Section 212 in The Indian Contract Act, 1872

Title: Skill and diligence required from agent.

Description: An agent is bound to conduct the business of the agency with as much skill as is generally possessed by persons engaged in similar business unless the principal has notice of his want of skill. The agent is always bound to act with reasonable diligence, and to use such skill as he possesses; and to make compensation to his principal in respect of the direct consequences of his own neglect, want of skill or misconduct, but not in respect of loss or damage which are indirectly or remotely caused by such neglect, want of skill, or misconduct. Illustrations (a) A, a merchant in Calcutta, has an agent, B, in London, to whom a sum of money is paid on A's account, with orders to remit. B retains the money for a considerable time. A, in consequence of not receiving the money, becomes insolvent. B is liable for the money and interest from the day on which it ought to have been paid, according to the usual rate, and for any further direct loss-as, e.g., by variation of rate of exchange-but not further. (b) A, an agent for the sale of goods, having authority to sell on credit, sells to B on credit, without making the proper and usual enquiries as to the solvency of B. B, at the time of such sale, is insolvent. A must make compensation to his principal in respect of any loss thereby sustained. (c) A, an insurance-broker employed by B to effect an insurance on a ship, omits to see that the usual clauses are inserted in the policy. The ship is after wards lost. In consequence of the omission of the clauses nothing can be recovered from the underwriters. A is bound to make good the loss to B. (d) A, a merchant in England, directs B, his agent at Bombay, who accepts the agency, to send him 100 bales of cotton by a certain ship. B, having it in his power to send the cotton, omits to do so. The ship arrives safely in England. Soon after her arrival the price of cotton rises. B is bound to make good to A the profit which he might have made by the 100 bales of cotton at the time the ship arrived, but not any profit he might have made by the subsequent rise.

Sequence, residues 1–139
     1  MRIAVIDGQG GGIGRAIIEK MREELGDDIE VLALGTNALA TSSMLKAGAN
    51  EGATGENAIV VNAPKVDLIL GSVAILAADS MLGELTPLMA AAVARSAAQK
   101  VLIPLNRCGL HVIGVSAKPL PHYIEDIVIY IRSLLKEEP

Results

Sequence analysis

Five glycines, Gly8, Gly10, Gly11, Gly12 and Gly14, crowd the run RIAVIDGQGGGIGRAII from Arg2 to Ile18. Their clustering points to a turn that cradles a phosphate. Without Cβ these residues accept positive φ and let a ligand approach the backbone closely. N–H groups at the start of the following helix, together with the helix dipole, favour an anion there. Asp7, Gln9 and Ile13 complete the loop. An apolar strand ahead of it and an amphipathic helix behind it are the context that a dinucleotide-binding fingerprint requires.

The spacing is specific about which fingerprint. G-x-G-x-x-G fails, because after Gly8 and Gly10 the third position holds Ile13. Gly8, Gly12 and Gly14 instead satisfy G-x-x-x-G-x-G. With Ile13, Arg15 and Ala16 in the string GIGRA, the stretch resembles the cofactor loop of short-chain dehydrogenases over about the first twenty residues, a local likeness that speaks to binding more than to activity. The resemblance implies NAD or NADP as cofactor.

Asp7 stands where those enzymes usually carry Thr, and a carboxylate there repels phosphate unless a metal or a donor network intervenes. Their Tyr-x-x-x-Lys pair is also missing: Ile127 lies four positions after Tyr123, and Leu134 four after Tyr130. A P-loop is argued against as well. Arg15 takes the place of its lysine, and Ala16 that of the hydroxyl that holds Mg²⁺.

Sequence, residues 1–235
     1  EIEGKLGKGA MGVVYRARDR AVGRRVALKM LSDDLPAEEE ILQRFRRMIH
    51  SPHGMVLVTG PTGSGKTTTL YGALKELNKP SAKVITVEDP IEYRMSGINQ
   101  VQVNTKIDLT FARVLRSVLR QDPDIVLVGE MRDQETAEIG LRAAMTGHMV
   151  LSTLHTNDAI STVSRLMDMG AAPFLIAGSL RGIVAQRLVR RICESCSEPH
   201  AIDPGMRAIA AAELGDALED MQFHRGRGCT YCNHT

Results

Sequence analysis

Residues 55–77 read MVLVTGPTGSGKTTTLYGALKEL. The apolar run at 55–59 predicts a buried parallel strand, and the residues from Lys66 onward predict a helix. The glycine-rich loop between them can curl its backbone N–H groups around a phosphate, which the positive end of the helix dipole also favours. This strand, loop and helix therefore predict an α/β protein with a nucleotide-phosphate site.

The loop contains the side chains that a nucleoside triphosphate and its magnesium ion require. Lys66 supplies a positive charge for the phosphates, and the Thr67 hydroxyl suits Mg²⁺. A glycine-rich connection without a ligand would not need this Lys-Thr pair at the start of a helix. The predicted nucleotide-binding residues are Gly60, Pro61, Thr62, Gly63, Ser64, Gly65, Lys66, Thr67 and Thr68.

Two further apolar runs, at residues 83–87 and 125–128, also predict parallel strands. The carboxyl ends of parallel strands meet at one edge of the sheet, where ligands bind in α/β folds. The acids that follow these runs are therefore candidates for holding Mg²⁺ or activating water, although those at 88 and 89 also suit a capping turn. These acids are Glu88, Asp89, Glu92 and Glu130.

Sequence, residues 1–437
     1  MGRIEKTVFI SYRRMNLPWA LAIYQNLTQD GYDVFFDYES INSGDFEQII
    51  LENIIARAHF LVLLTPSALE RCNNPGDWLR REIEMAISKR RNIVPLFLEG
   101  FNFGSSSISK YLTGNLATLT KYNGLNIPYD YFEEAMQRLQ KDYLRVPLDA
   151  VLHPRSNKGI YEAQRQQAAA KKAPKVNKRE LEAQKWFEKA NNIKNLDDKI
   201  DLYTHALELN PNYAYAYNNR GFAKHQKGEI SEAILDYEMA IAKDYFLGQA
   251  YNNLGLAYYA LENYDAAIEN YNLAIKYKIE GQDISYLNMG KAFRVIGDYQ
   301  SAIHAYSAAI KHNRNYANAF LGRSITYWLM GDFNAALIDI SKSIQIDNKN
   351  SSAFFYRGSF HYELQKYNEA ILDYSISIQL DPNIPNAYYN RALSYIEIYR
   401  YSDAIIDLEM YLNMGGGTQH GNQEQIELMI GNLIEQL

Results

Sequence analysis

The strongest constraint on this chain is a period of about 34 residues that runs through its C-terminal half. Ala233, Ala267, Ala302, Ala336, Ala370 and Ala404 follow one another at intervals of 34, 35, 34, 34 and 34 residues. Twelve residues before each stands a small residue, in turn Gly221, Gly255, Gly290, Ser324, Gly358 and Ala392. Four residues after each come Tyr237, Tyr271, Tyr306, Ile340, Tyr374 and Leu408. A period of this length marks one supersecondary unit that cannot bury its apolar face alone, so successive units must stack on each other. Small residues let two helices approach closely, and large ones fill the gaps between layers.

Title: Agent's accounts.

Description: An agent is bound to render proper accounts to his principal on demand.

Title: Agent's duty to communicate with principal.

Description: It is the duty of an agent, in cases of difficulty, to use all reasonable diligence in communicating with his principal, and in seeking to obtain his instructions.

Title: Right of principal when agent deals, on his own account, in business of agency without principals consent.

Description: If an agent deals on his own account in the business of the agency, without first obtaining the consent of his principal and acquainting him with all material circumstances which have come to his own knowledge on the subject, the principal may repudiate the transaction, if the case shows, either that any material fact has been dishonestly concealed from him by the agent, or that the dealings of the agent have been disadvantageous to him. Illustrations (a) A directs B to sell A's estate. B buys the estate for himself in the name of C. A, on discovering that B has bought the estate for himself, may repudiate the sale, if he can show that B has dishonestly concealed any material fact, or that the sale has been disadvantageous to him. (b) A directs B to sell A's estate B, on looking over the estate before selling it, finds a mine on the estate which is unknown to A. B informs A that he wishes to buy the estate for himself, but conceals the discovery of the mine. A allows B to buy, in ignorance of the existence of the mine. A, on discovering that B knew of the mine at the time he bought the estate, may either repudiate or adopt the sale at his option.

Title: Principal's right to benefit gained by agent dealing on his own account in business of agency

Description: If an agent, without the knowledge of his principal, deals in the business of the agency on his own account instead of on account of his principal, the principal is entitled to claim from the agent any benefit which may have resulted to him from the transaction. Illustration A directs B, his agent, to buy a certain house for him. B tells A it cannot be bought, and buys the house for himself. A may, on discovering that B has bought the house, compel him to sell it to A at the price he gave for it.